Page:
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Note: A version of this post was originally posted on Randy Hewlett’s “technology, entrepreneurship, family blog before he joined the Tiller team. Randy led the development of the Tiller Budget and Simple Business Template.

When it comes to handling money, Bison (9) and Dora (11) couldn’t be more different.

Dora is perpetually, in her words, “saving for college”, while Bison spends to his very last penny. The boy cannot resist an impulse buy and, frankly, Dora would do well to treat herself now and then.

€40 of Venetian tchotchkes

A recent splurge catalyzed our parental need to intervene…

In December, Bison came into a €40 windfall. We traveled to Venice days later where Bison perfectly calibrated his tourist-shop haul— a €26 Murano glass penguin and a €14 voice-chipped Ferrari— to zero out this newfound “savings”. (The zero-balance halted a desperate, final acquisition target: a 4″ plastic halberd.)

Bison’s short-sighted spree came days before fútbol-card season, the January-to-June window when he spends €100+ to complete a baseball-card-like album of La Liga stars. His Venetian trinkets, which he hasn’t touched since, would have netted 240 cards— nearly half the La Liga album.

We tell the children their choices for their “spending money” are their prerogative, but Bison’s compulsive wastefulness in Venice was too much to bear.

We felt compelled to create a better system that encouraged behavior in line with our values.

A Better System: Our Goals

Teaching charity- Dora raised money for two organizations

Before delving into problems, I find it helpful to write down specific goals.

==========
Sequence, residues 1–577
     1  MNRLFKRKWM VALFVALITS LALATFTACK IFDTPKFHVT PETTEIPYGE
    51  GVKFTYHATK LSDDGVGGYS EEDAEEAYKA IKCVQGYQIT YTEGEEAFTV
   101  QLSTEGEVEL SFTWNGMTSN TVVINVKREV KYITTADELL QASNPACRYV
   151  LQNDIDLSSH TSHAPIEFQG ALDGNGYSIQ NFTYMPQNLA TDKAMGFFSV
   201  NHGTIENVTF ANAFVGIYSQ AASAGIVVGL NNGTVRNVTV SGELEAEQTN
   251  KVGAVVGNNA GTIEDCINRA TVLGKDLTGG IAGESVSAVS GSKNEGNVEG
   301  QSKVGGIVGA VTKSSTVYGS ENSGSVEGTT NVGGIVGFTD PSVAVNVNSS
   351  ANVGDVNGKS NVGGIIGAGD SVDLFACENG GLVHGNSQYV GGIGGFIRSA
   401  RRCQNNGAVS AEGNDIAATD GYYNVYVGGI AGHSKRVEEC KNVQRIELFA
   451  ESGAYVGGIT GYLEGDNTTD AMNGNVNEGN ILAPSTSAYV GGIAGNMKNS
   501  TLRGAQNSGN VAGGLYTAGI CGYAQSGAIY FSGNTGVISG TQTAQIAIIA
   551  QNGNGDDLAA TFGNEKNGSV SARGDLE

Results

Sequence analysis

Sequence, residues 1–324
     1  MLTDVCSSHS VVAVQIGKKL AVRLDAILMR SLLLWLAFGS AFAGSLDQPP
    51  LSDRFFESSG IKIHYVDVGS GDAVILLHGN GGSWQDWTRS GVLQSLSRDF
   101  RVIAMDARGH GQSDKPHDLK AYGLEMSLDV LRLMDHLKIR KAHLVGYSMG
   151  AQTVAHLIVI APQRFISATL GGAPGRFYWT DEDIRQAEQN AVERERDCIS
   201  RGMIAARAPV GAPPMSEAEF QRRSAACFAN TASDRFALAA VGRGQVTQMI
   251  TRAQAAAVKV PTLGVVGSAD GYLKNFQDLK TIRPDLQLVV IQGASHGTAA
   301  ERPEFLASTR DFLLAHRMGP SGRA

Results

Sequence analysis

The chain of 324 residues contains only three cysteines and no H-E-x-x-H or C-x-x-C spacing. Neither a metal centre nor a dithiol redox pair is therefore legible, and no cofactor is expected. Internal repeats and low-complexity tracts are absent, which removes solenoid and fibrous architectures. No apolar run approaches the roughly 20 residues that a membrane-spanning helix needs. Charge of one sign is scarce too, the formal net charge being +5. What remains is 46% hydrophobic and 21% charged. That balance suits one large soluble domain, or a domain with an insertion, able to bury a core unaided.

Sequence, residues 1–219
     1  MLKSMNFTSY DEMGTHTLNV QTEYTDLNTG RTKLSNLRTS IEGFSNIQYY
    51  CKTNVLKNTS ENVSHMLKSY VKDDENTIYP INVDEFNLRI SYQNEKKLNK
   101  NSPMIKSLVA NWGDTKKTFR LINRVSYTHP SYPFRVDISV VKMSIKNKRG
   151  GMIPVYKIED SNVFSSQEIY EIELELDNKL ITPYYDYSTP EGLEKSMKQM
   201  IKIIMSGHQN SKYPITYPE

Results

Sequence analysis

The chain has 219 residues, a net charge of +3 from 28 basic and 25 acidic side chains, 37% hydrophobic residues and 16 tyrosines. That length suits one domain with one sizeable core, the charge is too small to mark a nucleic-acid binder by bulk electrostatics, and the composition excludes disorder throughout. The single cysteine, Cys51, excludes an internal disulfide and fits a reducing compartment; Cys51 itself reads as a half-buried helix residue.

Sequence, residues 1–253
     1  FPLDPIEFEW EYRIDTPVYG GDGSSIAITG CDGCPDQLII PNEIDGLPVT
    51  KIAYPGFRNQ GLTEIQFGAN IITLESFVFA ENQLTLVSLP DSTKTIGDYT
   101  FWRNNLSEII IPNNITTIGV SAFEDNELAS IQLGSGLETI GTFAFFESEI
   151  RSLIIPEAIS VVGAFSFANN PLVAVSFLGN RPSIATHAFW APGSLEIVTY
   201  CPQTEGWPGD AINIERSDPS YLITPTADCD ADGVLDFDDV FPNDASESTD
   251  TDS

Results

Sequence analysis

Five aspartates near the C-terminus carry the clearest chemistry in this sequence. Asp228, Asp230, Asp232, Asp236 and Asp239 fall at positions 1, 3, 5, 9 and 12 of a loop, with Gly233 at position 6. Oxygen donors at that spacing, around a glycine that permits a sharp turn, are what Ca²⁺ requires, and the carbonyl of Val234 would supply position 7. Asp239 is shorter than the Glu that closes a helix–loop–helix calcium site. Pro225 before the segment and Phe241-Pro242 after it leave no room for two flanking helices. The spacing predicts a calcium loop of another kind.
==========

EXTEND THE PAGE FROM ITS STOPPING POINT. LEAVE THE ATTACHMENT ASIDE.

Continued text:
• Encourage and support saving
  • Encourage, support and reward charity
  • Help Dora & Bison manage (track, administer, not lose, etc) their money
  • Shift responsibility for “spending money” to the kids
  • Empower spending-money autonomy for small purchases (i.e. less “will you buy that toy for me?”)

For years, we’ve been fans of the Moonjar approach. The Seattle startup encourages children to divide their income equally into three buckets: SaveShare and Spend. But, in practice, we’ve struggled with this approach. For our kids, the incentives to save and share were inadequate, the savings and share bins were pillaged opportunistically, and the system lacked definition about when to tap savings.

We chose to up the ante by chartering the McCotter-Hulett Virtual Bank. Here are the key features:

  • Allowance— paid weekly— is fed directly into a virtual ledger (by Sage & me)
  • The ledger disburses Save and Share allocations (the kids get an extra 25¢ if they can calculate the proportions correctly)
  • Spending money is paid in cash and managed by Dora and Bison
  • Interest is added monthly (details below)
  • Balances are always available online

 

The virtual bank’s ledger distributes funds according to family values

 

Leveraging Google Sheets

Income allocations

Income allocations
Income allocations